methanol to 1-hexanol on a 3A zeolite are displayed in Fig. 2. alcohols from 1-propanol to 1-hexanol show very similar shapes.
Additionally the water vapor isotherm on a 3A zeolite is shown. The slope at low water concentrations is slightly smaller than on
Experimental data are presented as lled symbols while the tted the 3A zeolite and maximum capacities of approx. 17 wt.% are
Langmuir isotherms are shown as lines. reached. In contrast, ethanol and methanol drying exhibit atter


water vapor
loading of the adsorbent [g/100g]

16 1-pentanol




0 1 2 3 4
relative humidity [%]

Fig. 2. Adsorption isotherms of water from different alcohols on a 3A zeolite.

B. Burrichter et al. / Separation and Purication Technology 145 (2015) 3949 43

water vapor

loading of the adsorbent [g/100g]

16 1-pentanol




0 1 2 3 4
relative humidity [%]

Fig. 3. Adsorption isotherms of water from different alcohols on a 4A zeolite.

isotherms with a signicantly lower uptake capacity for the to 3A zeolite due to a strong interaction between sodium and
adsorptive water. Especially methanol drying on a 4A zeolite yields water.
very poor results. Even with large amounts of adsorbent water con-
tents below 350 ppmw cannot be achieved. Due to this behavior a
description of the drying equilibrium of methanol by a Langmuir-
4.2. Adsorptive drying of primary alcohols in a xed bed adsorber
type isotherm is not possible, wherefore no t can be seen in Fig. 3.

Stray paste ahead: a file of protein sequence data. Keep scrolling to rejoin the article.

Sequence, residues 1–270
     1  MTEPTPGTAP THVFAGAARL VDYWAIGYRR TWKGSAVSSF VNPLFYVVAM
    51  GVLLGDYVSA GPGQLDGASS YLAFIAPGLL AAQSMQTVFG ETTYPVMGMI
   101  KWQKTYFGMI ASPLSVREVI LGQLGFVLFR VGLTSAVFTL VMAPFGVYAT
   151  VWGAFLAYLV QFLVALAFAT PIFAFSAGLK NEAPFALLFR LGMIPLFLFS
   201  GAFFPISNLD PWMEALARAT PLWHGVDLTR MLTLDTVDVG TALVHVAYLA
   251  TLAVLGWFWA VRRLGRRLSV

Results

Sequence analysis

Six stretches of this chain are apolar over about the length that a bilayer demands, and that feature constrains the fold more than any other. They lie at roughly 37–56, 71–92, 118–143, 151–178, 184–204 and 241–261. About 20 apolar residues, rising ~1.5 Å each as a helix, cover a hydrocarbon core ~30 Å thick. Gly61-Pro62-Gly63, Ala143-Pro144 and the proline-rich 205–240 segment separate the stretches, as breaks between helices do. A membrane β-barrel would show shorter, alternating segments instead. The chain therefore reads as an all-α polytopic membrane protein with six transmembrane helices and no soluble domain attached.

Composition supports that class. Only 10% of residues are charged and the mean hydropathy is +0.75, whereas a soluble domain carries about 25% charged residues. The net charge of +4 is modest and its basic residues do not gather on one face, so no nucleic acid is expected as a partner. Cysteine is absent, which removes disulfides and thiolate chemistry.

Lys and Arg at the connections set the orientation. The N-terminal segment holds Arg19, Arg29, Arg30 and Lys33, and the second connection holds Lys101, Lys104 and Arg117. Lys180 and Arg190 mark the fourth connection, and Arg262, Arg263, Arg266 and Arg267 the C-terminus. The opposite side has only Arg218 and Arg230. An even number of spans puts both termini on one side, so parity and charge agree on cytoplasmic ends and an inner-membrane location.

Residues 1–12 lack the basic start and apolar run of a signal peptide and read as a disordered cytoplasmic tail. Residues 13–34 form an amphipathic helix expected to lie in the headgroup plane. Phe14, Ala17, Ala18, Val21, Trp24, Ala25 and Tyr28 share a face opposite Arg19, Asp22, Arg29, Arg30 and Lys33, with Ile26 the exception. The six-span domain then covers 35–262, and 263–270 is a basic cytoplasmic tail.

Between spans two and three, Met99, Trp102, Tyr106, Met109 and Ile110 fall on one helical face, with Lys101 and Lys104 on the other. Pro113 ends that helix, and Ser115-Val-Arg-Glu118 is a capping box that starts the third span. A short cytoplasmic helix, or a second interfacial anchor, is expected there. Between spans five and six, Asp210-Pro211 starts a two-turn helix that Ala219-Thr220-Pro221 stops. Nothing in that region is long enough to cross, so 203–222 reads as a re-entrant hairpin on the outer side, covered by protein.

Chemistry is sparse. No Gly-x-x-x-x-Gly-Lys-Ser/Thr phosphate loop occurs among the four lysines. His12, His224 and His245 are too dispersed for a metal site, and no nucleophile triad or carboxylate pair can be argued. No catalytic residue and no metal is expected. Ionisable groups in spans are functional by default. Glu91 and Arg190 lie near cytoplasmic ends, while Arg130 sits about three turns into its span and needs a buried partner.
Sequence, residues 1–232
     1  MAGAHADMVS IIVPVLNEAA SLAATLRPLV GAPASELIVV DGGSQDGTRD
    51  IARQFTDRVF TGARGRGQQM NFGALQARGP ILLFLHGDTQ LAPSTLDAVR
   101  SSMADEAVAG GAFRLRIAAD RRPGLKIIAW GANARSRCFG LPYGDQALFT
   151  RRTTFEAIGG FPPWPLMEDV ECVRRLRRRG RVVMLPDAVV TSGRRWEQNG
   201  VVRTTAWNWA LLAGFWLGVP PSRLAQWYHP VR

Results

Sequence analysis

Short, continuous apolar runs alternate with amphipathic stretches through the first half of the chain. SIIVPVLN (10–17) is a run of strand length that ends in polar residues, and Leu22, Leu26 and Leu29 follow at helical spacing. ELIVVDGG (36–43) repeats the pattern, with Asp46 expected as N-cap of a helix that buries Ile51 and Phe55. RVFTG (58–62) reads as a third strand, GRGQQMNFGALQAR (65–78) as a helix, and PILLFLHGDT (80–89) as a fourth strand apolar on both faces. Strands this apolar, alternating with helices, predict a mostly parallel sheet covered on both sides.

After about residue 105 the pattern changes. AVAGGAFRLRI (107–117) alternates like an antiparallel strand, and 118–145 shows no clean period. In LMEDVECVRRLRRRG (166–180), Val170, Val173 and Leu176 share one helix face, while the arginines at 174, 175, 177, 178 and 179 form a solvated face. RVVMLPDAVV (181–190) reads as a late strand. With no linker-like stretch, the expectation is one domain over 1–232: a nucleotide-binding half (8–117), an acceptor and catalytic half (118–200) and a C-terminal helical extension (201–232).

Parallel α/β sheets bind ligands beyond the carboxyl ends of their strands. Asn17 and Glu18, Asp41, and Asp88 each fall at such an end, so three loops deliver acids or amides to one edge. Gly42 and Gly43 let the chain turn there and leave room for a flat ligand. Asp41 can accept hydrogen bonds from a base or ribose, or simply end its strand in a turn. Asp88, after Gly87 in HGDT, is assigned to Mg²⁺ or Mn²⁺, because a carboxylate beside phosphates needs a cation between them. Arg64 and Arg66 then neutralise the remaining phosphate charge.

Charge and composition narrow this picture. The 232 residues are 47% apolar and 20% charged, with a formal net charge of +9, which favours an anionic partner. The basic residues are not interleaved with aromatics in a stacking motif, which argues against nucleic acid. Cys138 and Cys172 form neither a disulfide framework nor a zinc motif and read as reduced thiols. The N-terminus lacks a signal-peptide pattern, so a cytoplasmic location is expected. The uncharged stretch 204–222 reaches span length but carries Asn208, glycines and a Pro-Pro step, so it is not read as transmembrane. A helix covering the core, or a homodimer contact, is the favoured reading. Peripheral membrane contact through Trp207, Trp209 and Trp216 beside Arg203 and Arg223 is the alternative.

Comparing the drying isotherms of 1-propanol on 3A and 4A
4.2.1. Drying on a 3A zeolite
zeolites reveals the inuence of molecular size and polarity of
Optimal operation conditions were determined in a parameter
the solvent molecules on the adsorption equilibrium. The isotherm
study on the adsorptive drying of isopropanol [19]. According to
of water from 1-propanol on a 3A zeolite clearly proves the
the outcomes of this study a supercial velocity of 0.8 m/h and a
accessibility of the micropores of type A zeolites for 1-propanol
bed height of 12.4 cm were chosen for the 3A zeolite. These set-
molecules. However, since no signicant co-adsorption of 1-propa-
tings result in retention times of the solvent in the xed bed of
nol on the 4A zeolite can be found, the polarity of the solvent must
approx. 3.5 min. The operating conditions of all dynamic runs are
have a dominant inuence on the adsorption equilibrium. The
listed in Table 6.
absence of co-adsorption in case of the 4A zeolite is due to stronger
interactions of the polar water molecule with the sites of the more
(a) Concentration dependency